Farm Progress

Bayer CropScience purchases Dewitt, Ark.-based Hornbeck Seeds.Hornbeck attractive due to varieties, germplasm and in-house breeding program.Bayer looking to expand soybean seed varieties through the U.S. and South America.

March 24, 2011

4 Min Read

Now in its 30th year, Hornbeck Seed -- a well-known Mid-South soybean, rice and wheat seed company -- has been purchased by Bayer CropScience. Hornbeck’s in-house breeding program and germplasm bank appealed to Bayer, a company looking to make a move into the soybean seed market.

A Bayer press release says Hornbeck LibertyLink varieties “will continue to be a key near term area of focus of the breeding program to help address weed resistance” in the South.

For more, see Hornbeck and Bayer.

The acquisition “mainly means we’ll be able to continue our HBK-branded soybean business as well as our LibertyLink Halo brand,” said Troy Hornbeck, CEO of Hornbeck Seeds, during a Wednesday press conference. The expansion “of our soytech research means we’ll expand to new traits and our genetic out-licensing will be expanded.

“We chose Bayer CropScience because, basically, (it) recognized the importance of HBK’s technology, the experience and value of our people. ... (Bayer) will allow us to continue to conduct business with the same principles (we’ve built) the business on: providing quality products and service to the customers we value.”

The purchase of Hornbeck is “significant for Bayer CropScience strategically,” said Lee Rivenbark,Bayer’s Global Head Cotton and Head U.S. BioScience. Bayer is “very active in our ‘core’ crops: cotton, canola, vegetables and a global rice business. But, most recently, Bayer has continued to look at ways to grow our seed and trait footprint … and plan to continue to expand our seed-licensing business.”

The purchase of Hornbeck “offers us an opportunity to expand an integrated trait and germplasm business in soybeans, very similar to what we’re doing in cotton.

“Hornbeck has grown into one of the Mid-South’s largest and most reputable seed suppliers. They not only have high-quality germplasm and excellent customer service, but the people have extensive operational experience in soybeans.”

Bayer is now “truly in a place to provide a comprehensive package of next-generation traits in leading germplasm in the soybean marketplace,” said Andy Hurst, product manager for the LibertyLink trait and glufosinate, including Ignite and Rely herbicides.In addition to the South’s soybean-growing area “this germplasm will have an excellent fit in South America. … Bayer will have an opportunity to further develop multi-herbicide tolerance. In addition to LibertyLink proprietary glyphosate tolerance, (that includes) tolerance to the HPPD family of herbicides, cyst nematode resistance, the potential for insect resistance in soybeans, and combine all that that with all the defensive traits inherent in the Hornbeck breeding program. We truly believe it will be a powerful combination.”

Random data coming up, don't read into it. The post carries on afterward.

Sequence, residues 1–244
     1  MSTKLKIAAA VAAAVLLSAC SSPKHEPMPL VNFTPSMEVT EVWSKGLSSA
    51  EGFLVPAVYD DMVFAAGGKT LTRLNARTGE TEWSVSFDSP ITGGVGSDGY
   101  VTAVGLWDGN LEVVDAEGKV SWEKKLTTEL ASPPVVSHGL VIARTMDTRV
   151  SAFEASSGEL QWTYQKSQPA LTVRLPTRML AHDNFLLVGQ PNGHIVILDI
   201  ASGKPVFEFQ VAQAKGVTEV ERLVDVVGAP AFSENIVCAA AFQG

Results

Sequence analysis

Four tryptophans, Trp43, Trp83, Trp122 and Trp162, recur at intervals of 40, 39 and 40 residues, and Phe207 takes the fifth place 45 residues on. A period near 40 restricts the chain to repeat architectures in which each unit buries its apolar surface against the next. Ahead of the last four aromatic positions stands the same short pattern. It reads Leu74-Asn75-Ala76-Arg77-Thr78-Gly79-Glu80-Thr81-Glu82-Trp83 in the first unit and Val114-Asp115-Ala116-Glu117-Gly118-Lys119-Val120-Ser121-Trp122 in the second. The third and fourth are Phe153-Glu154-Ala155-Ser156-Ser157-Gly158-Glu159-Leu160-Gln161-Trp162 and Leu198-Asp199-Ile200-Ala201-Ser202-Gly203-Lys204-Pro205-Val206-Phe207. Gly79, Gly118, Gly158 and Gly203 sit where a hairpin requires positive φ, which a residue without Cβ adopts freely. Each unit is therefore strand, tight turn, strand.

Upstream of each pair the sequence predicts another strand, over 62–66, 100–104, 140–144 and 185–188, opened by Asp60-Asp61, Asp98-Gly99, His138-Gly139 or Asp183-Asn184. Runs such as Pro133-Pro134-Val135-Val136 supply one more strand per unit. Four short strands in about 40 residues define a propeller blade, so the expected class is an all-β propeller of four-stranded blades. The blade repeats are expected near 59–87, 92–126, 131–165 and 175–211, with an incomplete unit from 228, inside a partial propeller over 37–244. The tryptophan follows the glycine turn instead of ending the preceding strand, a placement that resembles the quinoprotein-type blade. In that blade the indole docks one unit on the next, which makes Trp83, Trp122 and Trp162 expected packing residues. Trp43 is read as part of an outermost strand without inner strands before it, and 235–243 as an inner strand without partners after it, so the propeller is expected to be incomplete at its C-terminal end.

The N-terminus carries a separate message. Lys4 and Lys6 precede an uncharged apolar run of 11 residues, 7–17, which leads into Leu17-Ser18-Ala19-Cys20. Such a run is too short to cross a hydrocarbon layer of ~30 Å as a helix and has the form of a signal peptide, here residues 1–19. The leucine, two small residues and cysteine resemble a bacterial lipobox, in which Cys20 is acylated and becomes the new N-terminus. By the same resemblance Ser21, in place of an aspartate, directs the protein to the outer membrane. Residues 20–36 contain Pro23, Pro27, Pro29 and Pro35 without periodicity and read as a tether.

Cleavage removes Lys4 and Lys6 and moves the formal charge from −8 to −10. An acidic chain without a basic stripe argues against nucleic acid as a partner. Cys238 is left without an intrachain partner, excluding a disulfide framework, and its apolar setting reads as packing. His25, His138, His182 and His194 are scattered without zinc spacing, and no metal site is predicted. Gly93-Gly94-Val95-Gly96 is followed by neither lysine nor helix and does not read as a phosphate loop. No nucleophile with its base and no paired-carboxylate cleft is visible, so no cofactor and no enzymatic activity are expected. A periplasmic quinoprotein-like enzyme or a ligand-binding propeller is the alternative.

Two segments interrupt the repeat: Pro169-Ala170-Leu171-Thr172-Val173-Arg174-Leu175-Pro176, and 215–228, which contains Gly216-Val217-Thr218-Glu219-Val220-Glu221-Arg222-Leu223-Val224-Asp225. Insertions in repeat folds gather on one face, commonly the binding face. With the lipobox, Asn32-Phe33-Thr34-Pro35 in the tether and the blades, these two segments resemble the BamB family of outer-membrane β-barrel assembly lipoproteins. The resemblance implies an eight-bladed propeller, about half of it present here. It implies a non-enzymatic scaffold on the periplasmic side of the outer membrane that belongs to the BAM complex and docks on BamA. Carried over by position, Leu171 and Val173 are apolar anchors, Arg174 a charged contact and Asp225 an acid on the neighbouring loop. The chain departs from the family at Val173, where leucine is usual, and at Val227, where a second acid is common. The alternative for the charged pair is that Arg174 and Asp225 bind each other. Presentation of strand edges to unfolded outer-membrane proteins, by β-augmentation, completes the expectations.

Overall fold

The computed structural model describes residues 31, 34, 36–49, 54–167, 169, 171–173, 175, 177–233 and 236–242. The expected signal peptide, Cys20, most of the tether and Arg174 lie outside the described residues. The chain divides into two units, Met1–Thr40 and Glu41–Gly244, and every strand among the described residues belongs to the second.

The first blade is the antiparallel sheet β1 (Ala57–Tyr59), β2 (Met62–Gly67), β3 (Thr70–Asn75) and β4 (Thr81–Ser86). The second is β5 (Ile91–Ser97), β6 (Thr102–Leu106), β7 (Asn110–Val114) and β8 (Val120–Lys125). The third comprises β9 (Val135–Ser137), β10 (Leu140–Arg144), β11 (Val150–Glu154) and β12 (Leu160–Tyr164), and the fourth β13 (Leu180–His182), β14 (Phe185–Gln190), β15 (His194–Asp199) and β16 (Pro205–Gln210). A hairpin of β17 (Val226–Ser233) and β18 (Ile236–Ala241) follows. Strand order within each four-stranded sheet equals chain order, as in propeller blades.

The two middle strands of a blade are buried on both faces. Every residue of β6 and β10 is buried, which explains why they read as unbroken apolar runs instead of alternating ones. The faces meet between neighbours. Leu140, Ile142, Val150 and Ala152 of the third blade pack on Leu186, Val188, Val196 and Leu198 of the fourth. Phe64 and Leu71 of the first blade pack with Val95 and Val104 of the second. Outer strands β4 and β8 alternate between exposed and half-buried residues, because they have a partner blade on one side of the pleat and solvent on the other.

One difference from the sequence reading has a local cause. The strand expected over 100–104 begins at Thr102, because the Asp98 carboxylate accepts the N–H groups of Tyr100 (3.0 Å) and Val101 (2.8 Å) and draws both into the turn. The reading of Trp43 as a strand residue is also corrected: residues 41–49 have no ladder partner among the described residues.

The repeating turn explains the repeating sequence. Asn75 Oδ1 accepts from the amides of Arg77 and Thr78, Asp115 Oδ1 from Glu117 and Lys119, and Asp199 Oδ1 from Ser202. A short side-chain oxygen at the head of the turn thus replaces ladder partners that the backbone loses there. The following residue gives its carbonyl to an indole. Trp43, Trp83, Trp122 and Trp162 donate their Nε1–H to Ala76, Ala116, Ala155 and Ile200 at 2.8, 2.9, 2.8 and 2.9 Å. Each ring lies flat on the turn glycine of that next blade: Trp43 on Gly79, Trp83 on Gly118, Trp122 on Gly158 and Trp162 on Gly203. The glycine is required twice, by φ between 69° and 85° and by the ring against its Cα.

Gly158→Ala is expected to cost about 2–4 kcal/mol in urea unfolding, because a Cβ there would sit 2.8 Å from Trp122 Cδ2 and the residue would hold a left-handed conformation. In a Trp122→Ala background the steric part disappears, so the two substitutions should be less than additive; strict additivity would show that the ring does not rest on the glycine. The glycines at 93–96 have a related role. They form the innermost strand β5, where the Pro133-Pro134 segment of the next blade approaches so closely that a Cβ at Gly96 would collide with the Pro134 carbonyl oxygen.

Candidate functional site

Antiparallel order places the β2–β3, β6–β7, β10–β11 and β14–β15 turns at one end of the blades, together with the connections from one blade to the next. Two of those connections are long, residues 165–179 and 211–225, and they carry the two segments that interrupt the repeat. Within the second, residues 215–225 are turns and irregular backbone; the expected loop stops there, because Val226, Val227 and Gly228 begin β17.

Is the company expanding nationwide?

“From a traits perspective … Bayer fully intends to be a nationwide provider of value-added traits and germplasm, going forward,” said Hurst.

“We want a U.S. footprint for Bayer traits so it will expand throughout the North and Midwest,” said Rivenbark. “For the branded seed business, the majority of focus will be in the South, where we have a strong cotton germplasm footprint. That will be very complimentary with the soybean business (market share) that Hornbeck has worked hard to achieve, particularly in the Mid-South. We can expand that throughout the Southeast and Mid-Atlantic regions, as well.”  

What kind of timeframe does Bayer have for such an expansion?

Hurst: “We have a plan to launch LibertyLink combined with glyphosate tolerance and HPPD herbicide tolerance” around 2015.

“Longer-term, our next generation trait packages would potentially include insect resistance, nematode resistance, multiple herbicides tolerance and value-added traits for oilseed grains. The intent is to look at the best traits – both transgenic and non-transgenic – in our breeding efforts to improve yields and the value of soybeans.”

Rivenbark said while there were no immediate plans by Bayer to purchase other seed companies “we’re certainly active in trying to grow our seed and trait footprint. Today, there’s nothing around the corner. However, those options are always available. We’re a global company.”

As soybeans are a strategic crop “we’ll continue to invest a large percentage of our sales in research and development – both in traits and intense breeding. To do that, you need to expand you germplasm base with high-quality germplasm. … We’re certainly looking for those opportunities. So, you can expect more from Bayer CropScience in years to come in soybeans.”

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